Morgan Stanley Employee Pleads Guilty in Data Breach Case

A Morgan Stanley employee who was fired in connection with a data breach at the company, pleaded guilty Monday to downloading hundreds of thousands of confidential customer account data.

Galen Marsh, a former financial advisor in Morgan Stanley’s private wealth division, was fired nine months ago after the accessed data ended up being published online.  Names, addresses, account numbers, and investment information are among the sensitive data of the 730,000 accounts (10% of the Wealth division clients) taken by Marsh, according to the prosecution.  They also claim that Marsh was speaking to other companies about a possible new job when the data was taken.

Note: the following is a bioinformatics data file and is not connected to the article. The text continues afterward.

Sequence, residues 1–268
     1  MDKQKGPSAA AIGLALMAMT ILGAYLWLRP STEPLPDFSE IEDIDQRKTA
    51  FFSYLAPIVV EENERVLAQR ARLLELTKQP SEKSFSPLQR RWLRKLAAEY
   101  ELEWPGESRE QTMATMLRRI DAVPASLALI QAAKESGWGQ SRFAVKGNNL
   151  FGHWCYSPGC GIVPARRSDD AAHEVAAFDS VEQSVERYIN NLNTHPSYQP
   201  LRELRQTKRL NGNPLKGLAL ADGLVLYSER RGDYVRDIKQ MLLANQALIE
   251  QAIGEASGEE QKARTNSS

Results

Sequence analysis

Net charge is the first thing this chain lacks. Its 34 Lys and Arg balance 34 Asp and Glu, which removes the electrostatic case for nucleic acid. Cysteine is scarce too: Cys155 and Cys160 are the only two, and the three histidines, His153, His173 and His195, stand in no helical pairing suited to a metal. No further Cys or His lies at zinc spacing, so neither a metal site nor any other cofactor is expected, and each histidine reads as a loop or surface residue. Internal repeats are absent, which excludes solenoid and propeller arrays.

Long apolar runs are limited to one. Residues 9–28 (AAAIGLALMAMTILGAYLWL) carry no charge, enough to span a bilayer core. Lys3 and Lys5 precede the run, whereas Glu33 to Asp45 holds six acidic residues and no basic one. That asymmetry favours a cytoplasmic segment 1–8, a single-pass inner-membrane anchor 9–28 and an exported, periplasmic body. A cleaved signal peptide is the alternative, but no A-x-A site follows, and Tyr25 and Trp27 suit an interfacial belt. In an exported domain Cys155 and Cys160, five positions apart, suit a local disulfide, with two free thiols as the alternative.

The defense tells a different story.  According to Robert Gottlieb, Marsh’s attorney, he had nothing to do with posted data.  900 accounts were published online, but the defense claims that was a separate incident that should be blamed on hackers.  Marsh transferred the 730,000 accounts to his home computer between 2011 and 2014, but claims that he did not post any of them online.

“This action, which follows Morgan Stanley’s initial investigation and reporting of his misconduct, makes clear that misuse of client account information will not be tolerated,” the bank said in a statement.

While Marsh’s attorneys hope that it won’t do any prison time, Marsh has agreed not to appeal any prison sentence of 37 months or shorter as part of a plea deal.

Sentencing is scheduled for December.

For information on how you can prevent your organization from being breached, visit or call 714-515-4011.


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